3 legal mechanismsfor sharing data  {   The limits of using the law to ensure proper credit                        Sarah H...
attribution ≠credit ≠ citation
1.licenses2.contracts3.waivers
licenses & contracts           require         { attribution
waivers       do not     { require       attribution
1. licenses
licenses ≠ contracts
licenseright
©
© = automatic
© ≠ fact
©=?
EU     Sui generis     database     rights
=©
©=?
attribution stacking
attribution ≠ norms
2. contracts
contract right
attribution ≠ norms
contract < license
contract > license
3.waivers
waivers ≠ control
waiver ≠ ?
law ≠ perfect
1.   ©=?     2.   attribution ≠ normslicenses
1.   attribution ≠ norms    2.   obligations > rightscontracts
1.   waiver ≠ controlwaivers
law ≠ perfect
Sarah Hinchliff Pearson, August 22, 2011    slide show licensed under the    CC BY international 3.0 license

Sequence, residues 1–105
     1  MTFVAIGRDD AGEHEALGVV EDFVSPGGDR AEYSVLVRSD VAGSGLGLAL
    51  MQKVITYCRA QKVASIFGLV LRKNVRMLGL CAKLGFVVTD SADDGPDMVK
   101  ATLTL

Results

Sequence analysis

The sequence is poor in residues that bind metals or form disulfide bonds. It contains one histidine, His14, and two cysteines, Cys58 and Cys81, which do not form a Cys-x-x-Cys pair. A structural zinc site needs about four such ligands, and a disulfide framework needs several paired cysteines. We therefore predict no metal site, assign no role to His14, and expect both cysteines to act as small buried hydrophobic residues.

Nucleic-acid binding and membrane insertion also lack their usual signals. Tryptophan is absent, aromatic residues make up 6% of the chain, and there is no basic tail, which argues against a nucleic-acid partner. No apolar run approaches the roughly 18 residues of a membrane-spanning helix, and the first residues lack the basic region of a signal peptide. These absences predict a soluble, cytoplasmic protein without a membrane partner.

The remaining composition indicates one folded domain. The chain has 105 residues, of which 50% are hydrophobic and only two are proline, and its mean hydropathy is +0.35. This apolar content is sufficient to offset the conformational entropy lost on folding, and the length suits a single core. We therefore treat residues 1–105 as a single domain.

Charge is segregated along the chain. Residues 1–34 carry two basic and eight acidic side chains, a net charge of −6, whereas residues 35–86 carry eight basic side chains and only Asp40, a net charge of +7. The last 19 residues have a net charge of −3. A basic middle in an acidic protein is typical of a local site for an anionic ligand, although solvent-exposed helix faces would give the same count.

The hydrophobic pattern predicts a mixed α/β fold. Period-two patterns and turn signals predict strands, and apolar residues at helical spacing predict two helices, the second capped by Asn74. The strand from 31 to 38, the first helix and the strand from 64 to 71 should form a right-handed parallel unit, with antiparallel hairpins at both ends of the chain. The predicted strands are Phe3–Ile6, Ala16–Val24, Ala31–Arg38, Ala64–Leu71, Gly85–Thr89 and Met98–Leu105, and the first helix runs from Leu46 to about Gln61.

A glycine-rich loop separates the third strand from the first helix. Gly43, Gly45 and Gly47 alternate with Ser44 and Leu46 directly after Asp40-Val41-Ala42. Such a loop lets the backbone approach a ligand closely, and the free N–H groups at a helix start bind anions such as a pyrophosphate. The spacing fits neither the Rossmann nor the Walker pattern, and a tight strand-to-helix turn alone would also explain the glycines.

3 Legal Mechanisms for Sharing Data
3 Legal Mechanisms for Sharing Data
3 Legal Mechanisms for Sharing Data
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3 Legal Mechanisms for Sharing Data

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Presentation at the National Academy of Sciences Symposium on data citation, Aug. 22, 2011

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  • Sharing data = easy. But lose control, including credit. Obvious if no license, contract or waiver. But true even if any one of those legal mechanisms is used.
  • Define terms. Attribution = legally-imposed, remedy is lawsuit. Credit = what we want. Citation = rooted in norms of scholarly communication, purpose to support with evidence, but now proxy for credit. Important starting point.Attribution ≠ expectations for credit or citation standards. When remedy is lawsuit, recognize incongruity.
  • Turn to the law. 3 main legal mechanisms. When data shared, possibility it won’t be properly cited.
  • Licenses and contracts impose attribution
  • Waivers do not. Consequences to each and will address each
  • Licenses – grant permission under conditions like BY
  • Sound like contracts
  • Built on underlying exclusive right. To understand scope of license, must understand right. Typically © or SGDR
  • © - bundle of rights
  • Automatic when fixed